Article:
Secondly, a reliance on traditional, IT-centric tools and legacy equipment that has been in place for 20+ years is a common challenge. Insufficient documentation of their system and network resources together with a number of sites located in array of geographies, makes the task of assessing their risk profile a particularly daunting one.

Thirdly, due to the size and complexity of large mining organizations, they must operate continuously, without any downtime, in order to function optimally. Even if systems go down temporarily, losses can be difficult to recover.

Gaining visibility
In order for mining organizations to tackle the above challenges and understand their operational risk profile, they require a deep level of visibility into their ICS networks. The solution to this can be broken down into three key parts.

Part of the solution is for organizations to implement continuous threat detection which provides a full spectrum of OT visibility, continuous security monitoring, and real-time risk insights without impacting any operational processes.

Another key aspect, especially for those organizations with sites spanning across various geographies, is to be able to safeguard the OT networks from threats introduced via unmanaged and unmonitored access by remote users, including third-party vendors, contractors and technicians.

Lastly, leaning on technology which simplifies the management and consolidation of data across the organization’s entire OT network, enables mining operators to view all of the company’s assets and activities, as well as receiving security alerts, across all of their sites.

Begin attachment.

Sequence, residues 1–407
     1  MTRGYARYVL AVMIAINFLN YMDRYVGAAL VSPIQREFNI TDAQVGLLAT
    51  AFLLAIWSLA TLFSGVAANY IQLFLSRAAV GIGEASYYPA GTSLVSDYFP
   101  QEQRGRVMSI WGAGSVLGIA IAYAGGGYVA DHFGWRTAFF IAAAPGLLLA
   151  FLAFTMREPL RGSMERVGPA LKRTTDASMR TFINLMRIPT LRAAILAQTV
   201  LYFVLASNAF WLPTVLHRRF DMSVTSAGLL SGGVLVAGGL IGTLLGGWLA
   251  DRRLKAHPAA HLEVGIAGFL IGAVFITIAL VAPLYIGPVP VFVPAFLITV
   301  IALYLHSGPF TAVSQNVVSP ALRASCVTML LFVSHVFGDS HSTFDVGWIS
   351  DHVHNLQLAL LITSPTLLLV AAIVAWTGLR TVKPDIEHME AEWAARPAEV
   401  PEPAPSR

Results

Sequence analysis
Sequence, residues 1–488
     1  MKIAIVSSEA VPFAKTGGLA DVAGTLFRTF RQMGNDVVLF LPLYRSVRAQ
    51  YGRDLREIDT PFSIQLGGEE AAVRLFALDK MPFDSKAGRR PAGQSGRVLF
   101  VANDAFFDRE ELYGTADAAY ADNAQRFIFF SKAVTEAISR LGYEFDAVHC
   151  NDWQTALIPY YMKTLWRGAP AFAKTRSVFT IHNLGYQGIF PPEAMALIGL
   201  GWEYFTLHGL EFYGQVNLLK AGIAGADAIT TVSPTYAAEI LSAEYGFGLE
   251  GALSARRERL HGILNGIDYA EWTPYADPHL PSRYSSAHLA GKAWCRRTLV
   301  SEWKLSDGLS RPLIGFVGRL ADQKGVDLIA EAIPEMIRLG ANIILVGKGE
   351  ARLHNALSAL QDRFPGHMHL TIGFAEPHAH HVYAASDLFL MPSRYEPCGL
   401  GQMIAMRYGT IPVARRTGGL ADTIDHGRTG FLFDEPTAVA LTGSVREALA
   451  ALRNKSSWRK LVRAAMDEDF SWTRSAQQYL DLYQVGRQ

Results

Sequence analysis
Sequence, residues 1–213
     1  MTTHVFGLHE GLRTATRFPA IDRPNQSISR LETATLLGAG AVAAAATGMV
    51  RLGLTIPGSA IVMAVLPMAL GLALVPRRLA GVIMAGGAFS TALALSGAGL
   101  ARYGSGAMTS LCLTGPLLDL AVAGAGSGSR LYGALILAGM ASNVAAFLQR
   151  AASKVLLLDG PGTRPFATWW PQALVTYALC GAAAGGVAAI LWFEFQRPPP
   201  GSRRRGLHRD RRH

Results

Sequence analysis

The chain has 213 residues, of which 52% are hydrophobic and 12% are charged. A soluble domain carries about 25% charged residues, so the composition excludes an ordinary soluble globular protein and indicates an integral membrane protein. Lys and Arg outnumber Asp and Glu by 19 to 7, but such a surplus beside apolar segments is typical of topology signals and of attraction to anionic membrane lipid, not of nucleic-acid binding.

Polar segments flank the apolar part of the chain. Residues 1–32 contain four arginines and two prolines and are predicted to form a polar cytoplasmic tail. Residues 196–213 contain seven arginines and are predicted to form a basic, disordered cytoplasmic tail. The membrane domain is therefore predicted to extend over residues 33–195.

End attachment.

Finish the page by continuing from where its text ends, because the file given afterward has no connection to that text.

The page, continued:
The security element of the current IT-OT convergence process is something that still needs work within many organizations on which the running of critical infrastructure relies. However, for mining organizations, starting with gaining visibility into the entire network and architecture and consequently simplifying and understanding their operational security risk profile, is a step in the right direction.

Emanuel Salmona is General Manager, EMEA, at Claroty. Claroty bridges the industrial cybersecurity gap between information technology (IT) and operational technology (OT) environments. Organizations with highly automated production sites and factories that face significant security and financial risk especially need to bridge this gap. Armed with Claroty’s converged IT/OT solutions, these enterprises and critical infrastructure operators can leverage their existing IT security processes and technologies to improve the availability, safety, and reliability of their OT assets and networks seamlessly and without requiring downtime or dedicated teams. The result is more uptime and greater efficiency across business and production operations.